The flowery month of June and the whiff of wedlock is in the air.
Definitions of marriage in America keep expanding, but for most of the country’s history, the word “wedding” has called to mind images of a woman in a white dress and a man in a black tuxedo. And traditionally, June was the most popular month to get hitched.
So, there’s no better time to reminisce about a once-popular community ritual — still perhaps practiced occasionally — that would seem to be on the edge of extinction: the womanless wedding.
Pore over photos of womanless weddings of the past, and you will usually see men in gowns and dresses playing the roles of everyone in a wedding party — including bridesmaids, flower girls and the mother of the bride — at the comic events. Brides sometimes had beards or moustaches; flower girls were portrayed by grown men. The pretend nuptials often raised money for churches, charitable causes or civic organizations.
“Participants dressed as women — and even some dressed as men — took liberty to ‘ham it up,’ kissing audience members of both genders, flashing garter belts, adjusting whatever passed as breasts and, in general, just being naughty,” writes North Carolina State University historian Craig Thompson Friend in his 2009 book Southern Masculinity.
“The participation of local civic and economic leaders,” Friend writes, “became crucial to the success of the womanless wedding.”
It is a “most unique and attractive entertainment,” the Houston Post reported on May 27, 1917. “Some of the most prominent men in the city will be in it. It is filled with fun from beginning to end and every city or town in which it has been given there have been record breaking audiences, even standing room being at a premium.”
The phenomenon seems to have started in the South, but spread quickly across the nation. A womanless wedding in Bloomington, Ill., in the spring of 1918 raised around $225 for the Red Cross, the local Pantagraph observed.
Small towns hither and yon — from Aiken, S.C. to Galena, Kan., to Clayton, N.M. — staged the burlesque-esque shows. “Many in the community were more than willing to pay admission to see their male neighbors in ridiculous female attire,” the Encyclopedia of North Carolina notes.
In fact, the Forest City Courier of Nov. 30, 1922, estimated that more than 1,000 people attended a womanless wedding in the North Carolina community to raise money for the local Parent Teacher Association.
Big cities — such as Miami and Pittsburgh — also featured the follies. So popular were the performances that scripts were developed around the idea, and the do-it-yourself theatrical productions were passed along from city to city. Some of the stagings included impersonations of notable Americans, such as Henry Ford and Charlie Chaplin.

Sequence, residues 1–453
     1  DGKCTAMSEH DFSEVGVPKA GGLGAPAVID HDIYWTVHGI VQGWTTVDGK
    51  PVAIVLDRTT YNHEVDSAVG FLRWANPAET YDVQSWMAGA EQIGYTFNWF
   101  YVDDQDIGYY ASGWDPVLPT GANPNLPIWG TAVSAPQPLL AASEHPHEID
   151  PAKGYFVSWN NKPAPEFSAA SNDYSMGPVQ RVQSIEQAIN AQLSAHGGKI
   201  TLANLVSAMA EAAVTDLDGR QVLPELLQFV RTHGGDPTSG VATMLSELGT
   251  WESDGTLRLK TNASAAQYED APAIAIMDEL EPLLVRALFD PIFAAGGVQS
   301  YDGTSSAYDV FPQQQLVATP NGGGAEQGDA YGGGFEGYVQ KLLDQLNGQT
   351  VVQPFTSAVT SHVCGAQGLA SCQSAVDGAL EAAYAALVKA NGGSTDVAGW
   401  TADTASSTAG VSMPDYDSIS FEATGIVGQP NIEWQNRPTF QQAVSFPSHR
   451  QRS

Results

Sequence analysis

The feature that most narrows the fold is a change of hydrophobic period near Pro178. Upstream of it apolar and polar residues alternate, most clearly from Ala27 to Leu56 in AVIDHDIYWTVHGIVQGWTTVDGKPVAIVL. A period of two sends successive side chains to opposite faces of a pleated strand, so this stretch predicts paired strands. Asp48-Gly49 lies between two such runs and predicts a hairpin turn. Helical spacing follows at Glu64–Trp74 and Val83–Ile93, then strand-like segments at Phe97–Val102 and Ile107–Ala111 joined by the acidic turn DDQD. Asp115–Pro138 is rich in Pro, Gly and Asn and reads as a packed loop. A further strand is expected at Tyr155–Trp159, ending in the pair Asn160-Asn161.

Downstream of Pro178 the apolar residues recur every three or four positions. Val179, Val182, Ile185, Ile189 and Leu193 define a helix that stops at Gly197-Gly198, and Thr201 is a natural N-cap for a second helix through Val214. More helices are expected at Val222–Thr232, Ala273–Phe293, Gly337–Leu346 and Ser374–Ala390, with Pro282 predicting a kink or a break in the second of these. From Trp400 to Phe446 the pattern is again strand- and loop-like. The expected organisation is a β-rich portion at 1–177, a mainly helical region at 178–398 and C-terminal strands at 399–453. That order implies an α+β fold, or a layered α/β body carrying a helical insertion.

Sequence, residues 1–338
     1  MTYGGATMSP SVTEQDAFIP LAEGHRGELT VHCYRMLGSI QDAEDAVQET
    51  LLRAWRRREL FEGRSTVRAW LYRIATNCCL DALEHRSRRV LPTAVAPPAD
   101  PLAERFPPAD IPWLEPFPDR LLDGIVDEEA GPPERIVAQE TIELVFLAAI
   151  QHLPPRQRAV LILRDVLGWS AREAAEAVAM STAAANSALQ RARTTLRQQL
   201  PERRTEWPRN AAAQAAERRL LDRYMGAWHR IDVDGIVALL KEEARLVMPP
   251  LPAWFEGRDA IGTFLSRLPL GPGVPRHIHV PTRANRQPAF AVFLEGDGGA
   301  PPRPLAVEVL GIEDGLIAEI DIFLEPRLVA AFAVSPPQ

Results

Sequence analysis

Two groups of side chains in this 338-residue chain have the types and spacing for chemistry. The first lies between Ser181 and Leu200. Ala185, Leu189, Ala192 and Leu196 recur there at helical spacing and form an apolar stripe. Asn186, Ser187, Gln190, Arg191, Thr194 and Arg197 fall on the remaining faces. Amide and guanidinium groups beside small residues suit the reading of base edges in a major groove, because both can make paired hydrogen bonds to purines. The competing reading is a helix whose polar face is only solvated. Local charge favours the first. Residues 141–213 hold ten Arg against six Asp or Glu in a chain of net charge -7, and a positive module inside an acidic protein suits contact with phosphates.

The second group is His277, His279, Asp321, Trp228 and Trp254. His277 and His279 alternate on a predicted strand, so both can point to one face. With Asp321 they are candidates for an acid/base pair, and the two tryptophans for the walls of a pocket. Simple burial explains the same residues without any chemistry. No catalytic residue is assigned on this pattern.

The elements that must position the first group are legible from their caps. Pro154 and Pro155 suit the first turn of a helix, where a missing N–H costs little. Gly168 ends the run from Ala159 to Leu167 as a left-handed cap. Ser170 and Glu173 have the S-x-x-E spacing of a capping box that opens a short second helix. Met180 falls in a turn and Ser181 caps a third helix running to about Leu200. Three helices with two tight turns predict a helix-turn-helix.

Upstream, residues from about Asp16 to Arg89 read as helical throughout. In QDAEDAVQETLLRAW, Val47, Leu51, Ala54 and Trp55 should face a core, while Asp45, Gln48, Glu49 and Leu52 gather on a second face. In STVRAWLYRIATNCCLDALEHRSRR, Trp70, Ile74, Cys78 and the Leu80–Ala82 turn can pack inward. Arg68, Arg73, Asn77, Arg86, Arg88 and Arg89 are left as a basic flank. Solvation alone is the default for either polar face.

A 1928 community production in Lead, S.D., the town’s Daily Call reported on Feb. 1, featured one well-known fellow “in a frock of daring brevity and scantiness” and another as the famous actress Theda Bara.
In Newport, R.I., the city board ran into some political obstacles in May 1931 because several aldermen missed a key meeting to participate in a womanless wedding, the Mercury reported.
Even during World War II, when there were fewer men in America’s communities, the spectacles continued. In Luverne, Iowa, folks raised $146 for the USO in the summer of 1943 with a combination womanless wedding and rooster sale, the Mason City Globe-Gazette announced.
The practice continued throughout the second half of the 20th century, though perhaps with less frequency — and certitude. There are depictions of womanless weddings — staged not that long ago — still to be found on YouTube.
‘Ritual Of Inversion’
Over time, there were also spinoffs of womanless weddings — staged mostly at churches and community clubs — called Manless Weddings.
Actresses would impersonate the bridegroom, his father and other males, sometimes including some famous folks. At one manless ceremony in Kingsport, Tenn., the local Times reported on Oct. 6, 1926, a woman pretending to be Babe Ruth made an appearance.
So, when all the “I do’s” are said and done, what were womanless weddings all about? In his book, Friend suggests that the womanless wedding was a “ritual of inversion” created not to undermine, but to reaffirm community values.
“In mocking the very ritual they found most central to communal stability,” he writes, “organizers and participants in womanless weddings raised questions about the society in which they lived. In the play, they called attention to real social change and its effects on marriage.”
But, Thompson adds, “even as it reversed and violated the ideal, the womanless wedding replicated and buttressed reality.”
As that reality receded into the past, so, too, did the widespread practice of womanless weddings. With an increase in same-sex couples and new visions and revisions of what it means to be an American family, womanless weddings have become quaint and antiquated.
As Stephanie Coontz, professor of history and family studies at Evergreen State College tells NPR: Womanless weddings “are not very compatible with a world where same-sex marriage is increasingly accepted.”